I resigned recently as Chair of a community enterprise company as we had taken on a centre manager and she was able to take on the duties that I had been carrying on for 5 years (unpaid) in running the centre - as we were always short staff. I resigned on amicable terms giving that very reason, that they did not now need me. However, I am also an IT Tutor and was employed as part-time tutor by Neath Port Talbot BC to deliver an ECDL Extra course at the premises of this company. The company in question knew this and this had nothing at all to do with my being Chair and resigning. The next 15 week course is due to start in a couple of weeks and I have been informed that the centre has requested a new tutor - not me. I don't know the reason, or what if any grounds they have but it means there will be a loss of around £3000 income. Have I grounds for redress?
Hello, my name is XXXXX XXXXX it is my pleasure to assist you with your question today. Was your attendance to teach this course confirmed beforehand?
My teaching has been on a course for which 3 year funding was received from Welsh Assembly. We are in the third year and this is last course. It was taken as understood between myself, Computeraid who got the funding and Neath Port Talbot Adult Learning Network that I would be teaching all courses. When I resigned as Chair of the enterprise company, at which premises I taught, not employed by them, but by NPT, I did say that I would be returning in May to take the final course. The enterprise company is merely the location from which Computeraid and NPT hire the computer suite. I had even done new leaflets before I left for them to put out. But, no definite contract in writing if that is what you are asking
I have been teaching for NPT Adult Learnign Community for 14 years and have a very good record with learners returning year after year and excellent results/achievements so I cannot see the enterprise has any reason.
ok thanks, XXXXX XXXXX am really after is whether there was any formal confirmation, guarantee, etc which promised you the position for the upcoming course or if it was all done unofficially and just on 'friendly' understandings between each other?
It was on an understanding with Neath Port Talbot Adult Community Learning and Computeraid who got the funding, nothing in writing and it was nothing to do with the company form which I resigned as they are merely the room hirer in this instance. But as I have a good track record, and this is the last one of three years, work there was no reason for them not to have me as tutor. Both Computeraid and Neath Port Talbot ACL were surprised at the request that I not be the tutor but they will not tell me what reasons were given. It could be they just don't want me on the premises because it might be embarrassing but I need to know if they are slandering me.
All I really need to know is whether it is worth my going to a solicitor to write them a letter saying I am seeking compensation for loss of earnings.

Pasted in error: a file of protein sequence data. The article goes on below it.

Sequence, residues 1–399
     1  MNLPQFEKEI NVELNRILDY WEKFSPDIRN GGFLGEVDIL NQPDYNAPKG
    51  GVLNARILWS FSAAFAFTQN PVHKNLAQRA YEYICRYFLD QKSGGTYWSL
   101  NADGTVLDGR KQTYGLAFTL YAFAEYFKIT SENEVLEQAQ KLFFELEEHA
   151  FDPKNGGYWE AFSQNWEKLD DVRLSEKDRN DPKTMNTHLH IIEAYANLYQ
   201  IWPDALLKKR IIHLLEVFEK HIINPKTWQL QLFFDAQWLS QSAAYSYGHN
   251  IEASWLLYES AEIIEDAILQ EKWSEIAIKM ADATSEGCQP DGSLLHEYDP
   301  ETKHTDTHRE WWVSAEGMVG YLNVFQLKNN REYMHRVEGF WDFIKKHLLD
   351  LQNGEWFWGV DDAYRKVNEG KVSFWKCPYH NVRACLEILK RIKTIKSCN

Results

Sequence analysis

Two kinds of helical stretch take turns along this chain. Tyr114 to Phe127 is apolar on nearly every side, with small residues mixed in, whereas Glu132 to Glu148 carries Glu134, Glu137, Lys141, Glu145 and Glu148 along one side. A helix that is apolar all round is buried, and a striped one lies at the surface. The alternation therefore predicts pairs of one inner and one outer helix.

This is not slander so do not concern yourself too much with this. The key is whether there was a contractually binding agreement that you were guaranteed to teach the course and the employer’s withdrawal of your services was a breach of contract. For this you do not necessarily need a written contract stating this and the actions between you and the employer could also give rise to an implied contract. However, for that to happen there must have been a clear understanding that you were promised to teach the course, that you were always of the understanding that this was guaranteed and that you had relied on that to your detriment, then you may be able to argue breach of contract and associated losses.
However, if this was never formally agreed, this as simply based on your assumptions and simply on previous practice, then your argument would be weak.
Legally there is nothing stopping the company from deciding on who they want to teach the course, even if they decided against you due to your resignation. They would only be acting unlawfully if the reason for deciding to not work with you is based on a protected characteristic, such as race, age, gender, religion, etc, in which case it would be potential discrimination. The only other time is the breach of contract scenario as discussed above but in the absence of a written contract it is for you to prove that an implied contract with a degree of certainty was in place.
So there is nothing stopping you from contacting them and arguing your case, asking for compensation – you can do this personally at first to keep the costs down, then get a solicitor to write a letter on your behalf – all of this could place some pressure on them. But only consider legal action if you are confident you can show that an implied contract was in place and you may wish to consult the solicitor that writes the letter for you before deciding on whether to issue legal proceedings.
I thought that would be the answer but will probably write to the board expressing my disappointment in their action in view of 14 years faithful community teaching, and that I will be seeking legal advice as to whether I take action for loss of earnings. Thank you and good evening.
You are most welcome, all the best
Thanks and good evening.
Thanks you too